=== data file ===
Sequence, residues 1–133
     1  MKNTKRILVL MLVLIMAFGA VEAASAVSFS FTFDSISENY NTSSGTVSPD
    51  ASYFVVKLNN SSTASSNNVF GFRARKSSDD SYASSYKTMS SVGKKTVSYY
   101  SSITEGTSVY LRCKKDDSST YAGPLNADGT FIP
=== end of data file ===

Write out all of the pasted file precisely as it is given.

Sequence, residues 1–133
     1  MKNTKRILVL MLVLIMAFGA VEAASAVSFS FTFDSISENY NTSSGTVSPD
    51  ASYFVVKLNN SSTASSNNVF GFRARKSSDD SYASSYKTMS SVGKKTVSYY
   101  SSITEGTSVY LRCKKDDSST YAGPLNADGT FIP